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Tuesday, November 26, 2013

Not "Eureka!" but "That's Funny. . ."

Not "Eureka!" but "That's Funny. . ."


     "The most exciting phrase to hear in science, the one that heralds new discoveries, is not 'Eureka!' (I found it!) but "That's funny. . ."

        Isaac Asimov's words resonate for me partly because of the humor but also because of the ellipsis at the end of his quote. It is in that space of wondering, of trailing off, of inviting discourse that is so appealing. Growing up I learned to search for the "Aha!" moment. . . when, really, leaving the space to find new discoveries in the . . . is more inviting and collaborative.

         Asimov also wrote that: "It pays to be obvious, especially if you have a reputation for subtlety." I took those words to heart in making this segue to Clarke Knight, Smith College Class of 2014 and newest Rhodes Scholar:

         Ms. Knight (Clarke Knight of the Soul :-) ), a chemistry major, crew member, and book author is pictured above in the infamous Lyman Conservatory of banana plant glass pushing fame. Ms. Knight is from Henderson, Nevada, south of the Golden E Triangle of Ely-Elko-Eureka(!), Nevada:

          It is an area of the Basin and Range where I did follow-up field-checking after photogeologic-geomorphic mapping and space imagery analysis. Tromping around in the horsts and grabens of the extensional (or pull-apart) geologic features of central and northern Nevada was a true treat. Amazing fossils and fascinating geology surrounded us. Clarence Dutton wrote of the Great Basin in 1886:
Whoever has examined, even cursorily, the map of Western America must have noticed the following arrangement of the mountain masses: The great belt of cordilleras coming up through Mexico and crossing into United States territory is depicted as being composed of many short, abrupt ranges or ridges, looking upon the map like an army of caterpillars crawling northward.

     Another Asimov quote: "I write for the same reason I breathe--because if I didn't, I would die." I am not sure of Ms. Knight's thoughts on writing but I share Dr. Asimov's thoughts. His personal papers take up 464 boxes or 71 meters of shelf space. He wrote over 500 books and over 90,000 letters and postcards. His books are in 9/10 of the categories of the Dewey Decimal System (just call Isaac Iceberg Writer. . . )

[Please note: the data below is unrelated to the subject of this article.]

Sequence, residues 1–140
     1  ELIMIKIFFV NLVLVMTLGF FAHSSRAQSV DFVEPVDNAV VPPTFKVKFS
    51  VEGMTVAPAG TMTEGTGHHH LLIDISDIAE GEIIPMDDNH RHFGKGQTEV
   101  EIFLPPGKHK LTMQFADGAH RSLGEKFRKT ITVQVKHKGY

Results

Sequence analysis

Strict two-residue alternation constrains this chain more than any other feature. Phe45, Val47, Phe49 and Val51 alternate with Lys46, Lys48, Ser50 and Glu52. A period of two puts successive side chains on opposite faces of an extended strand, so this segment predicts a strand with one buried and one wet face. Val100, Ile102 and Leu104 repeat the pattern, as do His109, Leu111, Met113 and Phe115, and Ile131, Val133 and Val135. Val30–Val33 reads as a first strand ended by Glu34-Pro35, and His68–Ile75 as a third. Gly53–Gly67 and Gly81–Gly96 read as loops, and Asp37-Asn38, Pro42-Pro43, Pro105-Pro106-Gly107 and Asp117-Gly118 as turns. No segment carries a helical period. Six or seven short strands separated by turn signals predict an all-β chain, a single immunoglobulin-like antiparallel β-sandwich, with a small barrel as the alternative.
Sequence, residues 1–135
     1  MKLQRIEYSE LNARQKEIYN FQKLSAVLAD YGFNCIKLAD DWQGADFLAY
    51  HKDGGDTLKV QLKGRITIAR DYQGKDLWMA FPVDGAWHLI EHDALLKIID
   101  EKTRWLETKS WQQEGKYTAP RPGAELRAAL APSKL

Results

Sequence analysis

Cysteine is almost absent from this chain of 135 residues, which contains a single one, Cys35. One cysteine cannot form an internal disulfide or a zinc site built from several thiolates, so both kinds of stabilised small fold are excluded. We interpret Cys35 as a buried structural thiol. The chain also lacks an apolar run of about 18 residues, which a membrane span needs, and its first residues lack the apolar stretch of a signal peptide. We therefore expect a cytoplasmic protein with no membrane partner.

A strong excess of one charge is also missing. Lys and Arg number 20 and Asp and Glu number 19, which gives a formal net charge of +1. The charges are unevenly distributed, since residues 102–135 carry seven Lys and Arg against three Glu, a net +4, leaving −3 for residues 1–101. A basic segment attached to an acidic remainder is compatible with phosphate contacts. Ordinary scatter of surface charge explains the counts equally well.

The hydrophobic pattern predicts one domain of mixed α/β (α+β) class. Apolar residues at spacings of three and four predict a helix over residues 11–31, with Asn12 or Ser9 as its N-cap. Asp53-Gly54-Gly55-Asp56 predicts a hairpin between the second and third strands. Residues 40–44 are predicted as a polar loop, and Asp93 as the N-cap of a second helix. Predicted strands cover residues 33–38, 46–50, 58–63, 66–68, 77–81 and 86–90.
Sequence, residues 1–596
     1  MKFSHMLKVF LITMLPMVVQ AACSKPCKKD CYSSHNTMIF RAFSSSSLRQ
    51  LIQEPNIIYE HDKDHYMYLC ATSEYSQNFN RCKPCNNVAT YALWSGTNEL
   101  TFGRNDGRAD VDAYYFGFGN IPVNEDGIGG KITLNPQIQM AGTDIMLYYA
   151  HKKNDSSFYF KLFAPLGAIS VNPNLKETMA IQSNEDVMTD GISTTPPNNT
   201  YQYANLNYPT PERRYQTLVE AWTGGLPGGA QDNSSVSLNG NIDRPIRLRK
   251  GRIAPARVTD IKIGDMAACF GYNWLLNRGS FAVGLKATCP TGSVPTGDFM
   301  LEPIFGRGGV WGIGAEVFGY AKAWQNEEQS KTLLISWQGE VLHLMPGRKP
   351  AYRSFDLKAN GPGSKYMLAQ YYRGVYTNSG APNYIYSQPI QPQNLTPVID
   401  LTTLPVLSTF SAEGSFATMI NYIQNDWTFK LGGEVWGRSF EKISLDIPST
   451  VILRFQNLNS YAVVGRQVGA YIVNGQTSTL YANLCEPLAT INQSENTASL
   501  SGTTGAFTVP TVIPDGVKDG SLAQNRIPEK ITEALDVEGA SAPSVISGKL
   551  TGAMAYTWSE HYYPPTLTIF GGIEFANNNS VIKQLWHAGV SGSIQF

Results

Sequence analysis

Dr. Asimov's first quote above has made me quite conscious of using the exclamation point versus the ellipsis. . .I welcome your comments from New Jersey to California and Germany to Yemen (Partial Ellipsis of the Sun Blog Reader Data: That's Funny. . .")


Word Woman (Scientific Steph)

Tuesday, November 19, 2013

Cheese Imitates Geology: Thin Vegetable Ash Layer and Thin Iridium-rich Clay Layer

Cheese Imitates Geology: Thin Vegetable Ash Layer and Thin Iridium-Rich Clay Layer


      There is a small, wicker cheese basket at my local grocery store filled with little snippets of cheeses--the ends of various imported wheels and logs. This one caught my eye:


          I unwrapped it last night and found this written on the wrapper (just so you know I'm not making this up):

     A hairline layer of vegetable ash?! Oh my. 

     Of course, the iridium-rich clay layer found at the boundary of the Cretaceous period (about 65 million years ago) with the overlying Paleogene sediments first documented by Luis and Walter Alvarez (shown below) in Italy, sprang to mind. The limestone layers beneath the red clay are full of numerous species of foraminifera (forams) and the thick limestone beds above contain only one foram species. In between is this iridium-rich later of clay. In Italy. In Germany. In the Netherlands. In the U.S. All over the world.

      Iridium is a rare, silvery, white transition metal of the platinum family found in meteorites. It was named for the Greek goddess Iris after the rainbow colors in its salts and less than 3 tons a year are mined world-wide:

     Iridium is associated with the massive K-Pg extinction including the non-flying dinosaurs and a huge, diverse, plant population. (The boundary was called the K-T boundary for Cretaceous-Tertiary when the Alvarezes discovered it. The International Stratigraphic Nomenclature Committee has recently deprecated the Tertiary Period though; it now must be called Paleogene.) [First Pluto is no longer a planet; now we can't call it the K-T boundary any more. Sigh...]  And the likely location of the meteorite hitting the earth in the Gulf of Mexico is also well documented.

       What strikes me (no pun intended, okay, maybe...) about naming conventions in geology and in all areas, actually, is the creativity and force in coming up with these descriptive terms. As Clementine says to Joel when talking about her newest hair color in the film Eternal Sunshine Sunshine of the Spotless Mind, "Naming hair colors. Somebody has that job. I want that job!"